My ex and I have been split up for over a year. We share an 8-year-old son. Recently, whenever it’s time to go to his father’s house my son throws a little tantrum, so I have canceled the last two visits. His father is furious with me and tells me I should make him go. I don’t agree. What’s good ex-etiquette?
A: Good ex-etiquette is to understand that your son needs both parents and unless he’s not safe with his father for some reason, it’s your responsibility to reinforce dad’s efforts to be a good dad, just as it is dad’s responsibility to support you. This would be the natural order of things if you and dad were still together, but since you’re not, there’s no incentive to intercede – and unfortunately, your son loses.
This is when parents ask, “Are you saying I should make my child go?” And, the simple answer is, “Of course.” Let’s put this into perspective. If your child said he didn’t want to clean his room, would you say, “That’s fine, honey,” or would you “make” him clean his room? How about homework or going to school? You wouldn’t have any trouble “making” him go. But, when it comes to going to the other parents’ home, for some reason divorced parents feel its OK to stop parenting and leave their children to their own devices.
How you encourage your child to spend time with the other parent makes all the difference. Saying something like, “Try to make the best of it, honey, you’ll be home soon,” just continues to undermine the other parent. If you really want to help your child cope with going back and forth, try something like. “Honey, this is your time with Mommy and I know she’s looking forward to seeing you.” If the other parent has something special planned, ask if you can discuss it with your child – not to spoil the surprise, but to reinforce the other parent/child time together.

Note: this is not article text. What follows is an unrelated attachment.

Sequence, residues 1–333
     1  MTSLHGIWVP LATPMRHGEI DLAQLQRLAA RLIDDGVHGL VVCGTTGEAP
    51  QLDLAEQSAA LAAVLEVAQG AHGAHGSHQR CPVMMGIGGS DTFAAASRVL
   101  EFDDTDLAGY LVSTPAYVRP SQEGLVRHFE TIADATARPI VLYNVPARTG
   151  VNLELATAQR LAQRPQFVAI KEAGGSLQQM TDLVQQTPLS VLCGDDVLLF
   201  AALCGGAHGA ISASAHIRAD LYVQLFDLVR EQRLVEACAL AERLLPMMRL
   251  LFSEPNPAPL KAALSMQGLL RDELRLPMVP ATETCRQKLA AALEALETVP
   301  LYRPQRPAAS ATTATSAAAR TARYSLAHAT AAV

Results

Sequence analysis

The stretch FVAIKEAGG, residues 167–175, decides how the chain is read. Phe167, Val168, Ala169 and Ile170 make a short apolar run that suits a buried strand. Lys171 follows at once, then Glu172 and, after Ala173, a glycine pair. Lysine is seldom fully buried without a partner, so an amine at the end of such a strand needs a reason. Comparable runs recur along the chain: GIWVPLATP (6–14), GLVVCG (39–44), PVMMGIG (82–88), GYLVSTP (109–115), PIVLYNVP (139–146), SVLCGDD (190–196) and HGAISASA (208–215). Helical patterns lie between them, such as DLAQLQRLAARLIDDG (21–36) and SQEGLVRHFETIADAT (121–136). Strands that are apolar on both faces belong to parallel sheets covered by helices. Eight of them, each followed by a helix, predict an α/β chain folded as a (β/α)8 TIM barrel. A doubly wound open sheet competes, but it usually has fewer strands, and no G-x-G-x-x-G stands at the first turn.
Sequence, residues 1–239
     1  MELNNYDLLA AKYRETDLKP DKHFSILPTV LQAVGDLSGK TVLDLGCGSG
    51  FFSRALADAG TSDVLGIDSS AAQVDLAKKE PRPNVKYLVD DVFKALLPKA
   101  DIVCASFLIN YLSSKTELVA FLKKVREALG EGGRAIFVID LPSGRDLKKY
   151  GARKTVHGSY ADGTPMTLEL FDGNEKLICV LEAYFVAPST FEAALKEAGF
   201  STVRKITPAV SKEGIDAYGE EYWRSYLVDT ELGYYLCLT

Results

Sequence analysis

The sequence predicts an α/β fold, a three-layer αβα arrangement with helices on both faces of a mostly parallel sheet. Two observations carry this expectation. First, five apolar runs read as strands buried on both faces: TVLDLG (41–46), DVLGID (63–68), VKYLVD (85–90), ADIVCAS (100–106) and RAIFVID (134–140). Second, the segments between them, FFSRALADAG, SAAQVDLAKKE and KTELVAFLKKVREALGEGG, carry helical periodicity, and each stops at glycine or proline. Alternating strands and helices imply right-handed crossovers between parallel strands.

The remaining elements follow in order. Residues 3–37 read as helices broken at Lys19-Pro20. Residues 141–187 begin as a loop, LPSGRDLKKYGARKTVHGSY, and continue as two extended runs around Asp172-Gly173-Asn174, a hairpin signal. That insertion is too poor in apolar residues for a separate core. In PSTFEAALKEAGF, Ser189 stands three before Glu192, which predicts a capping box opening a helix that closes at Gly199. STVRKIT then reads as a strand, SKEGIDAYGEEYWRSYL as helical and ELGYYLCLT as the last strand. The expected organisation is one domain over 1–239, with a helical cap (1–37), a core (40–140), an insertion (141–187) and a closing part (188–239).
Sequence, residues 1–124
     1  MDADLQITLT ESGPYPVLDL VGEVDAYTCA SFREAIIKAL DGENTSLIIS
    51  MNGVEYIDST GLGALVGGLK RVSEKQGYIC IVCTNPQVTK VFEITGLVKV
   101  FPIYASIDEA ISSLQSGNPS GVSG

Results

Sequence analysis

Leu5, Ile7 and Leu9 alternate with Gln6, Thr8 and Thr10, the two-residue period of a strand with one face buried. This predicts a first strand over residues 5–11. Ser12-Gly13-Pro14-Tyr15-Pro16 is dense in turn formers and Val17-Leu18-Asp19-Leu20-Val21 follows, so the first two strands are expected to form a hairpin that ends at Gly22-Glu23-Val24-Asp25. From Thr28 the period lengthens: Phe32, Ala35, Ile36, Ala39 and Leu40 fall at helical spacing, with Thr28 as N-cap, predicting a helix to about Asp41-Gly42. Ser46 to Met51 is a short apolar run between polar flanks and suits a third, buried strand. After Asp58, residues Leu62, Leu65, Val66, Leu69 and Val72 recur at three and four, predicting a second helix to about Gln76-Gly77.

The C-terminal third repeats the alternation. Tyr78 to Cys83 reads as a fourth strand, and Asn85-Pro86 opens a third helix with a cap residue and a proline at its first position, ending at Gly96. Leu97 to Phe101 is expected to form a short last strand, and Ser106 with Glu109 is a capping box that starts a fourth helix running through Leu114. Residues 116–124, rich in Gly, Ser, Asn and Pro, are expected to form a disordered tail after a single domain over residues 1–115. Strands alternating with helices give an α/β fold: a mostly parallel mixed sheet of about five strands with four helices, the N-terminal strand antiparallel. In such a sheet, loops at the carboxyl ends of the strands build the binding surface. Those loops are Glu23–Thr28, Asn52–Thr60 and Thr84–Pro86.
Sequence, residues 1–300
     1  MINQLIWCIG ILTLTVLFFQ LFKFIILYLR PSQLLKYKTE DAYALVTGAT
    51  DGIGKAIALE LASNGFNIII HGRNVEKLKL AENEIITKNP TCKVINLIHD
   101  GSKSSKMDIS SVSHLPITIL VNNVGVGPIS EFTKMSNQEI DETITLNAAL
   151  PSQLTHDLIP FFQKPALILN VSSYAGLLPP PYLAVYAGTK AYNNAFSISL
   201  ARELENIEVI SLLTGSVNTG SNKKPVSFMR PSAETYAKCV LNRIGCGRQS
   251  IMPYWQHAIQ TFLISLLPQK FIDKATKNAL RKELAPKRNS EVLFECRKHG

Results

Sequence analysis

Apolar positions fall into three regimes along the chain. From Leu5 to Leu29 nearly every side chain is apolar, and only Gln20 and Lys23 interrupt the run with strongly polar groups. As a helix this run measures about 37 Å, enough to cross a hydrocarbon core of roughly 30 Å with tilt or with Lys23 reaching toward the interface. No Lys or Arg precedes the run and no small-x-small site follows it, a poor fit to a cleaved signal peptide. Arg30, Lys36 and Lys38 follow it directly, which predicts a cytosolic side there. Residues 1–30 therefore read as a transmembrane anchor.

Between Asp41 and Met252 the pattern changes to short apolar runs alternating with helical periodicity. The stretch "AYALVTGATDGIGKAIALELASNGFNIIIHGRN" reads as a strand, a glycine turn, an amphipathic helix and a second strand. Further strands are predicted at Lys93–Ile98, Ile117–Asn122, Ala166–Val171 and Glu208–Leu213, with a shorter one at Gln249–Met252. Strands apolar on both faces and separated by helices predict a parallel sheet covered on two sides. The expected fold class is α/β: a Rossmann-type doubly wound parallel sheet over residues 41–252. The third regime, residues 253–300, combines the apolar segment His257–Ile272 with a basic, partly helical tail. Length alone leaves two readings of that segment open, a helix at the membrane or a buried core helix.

I once explained this to a mother who listened intently and then asked, “Why should I help him? He was a jerk.” I explained she wasn’t helping her ex, she was helping her child. She was making the transition from home to home easier on her baby by helping him to feel safe and secure at both homes. That’s truly putting the child first, which is the primary rule of good ex-etiquette for parents.
Finally, of course parents should always ask, “Why?” if a child balks when visiting their other parent, particularly if a child liked visiting, then all of a sudden stopped wanting to go. But, this doesn’t necessarily mean there’s anything wrong at the other home. It’s an indicator that the parents have to talk to each other and compare notes. When parents put their own interests aside and reach out to each other for the sake of their children, that’s co-parenting at its finest – and that’s good ex-etiquette.
Dr. Jann Blackstone is the author of “Ex-etiquette for Parents: Good Behavior After Divorce or Separation,” and the founder of Bonus Families, bonusfamilies.com. Email her at the Ex-Etiquette website, exetiquette.com, at firstname.lastname@example.org.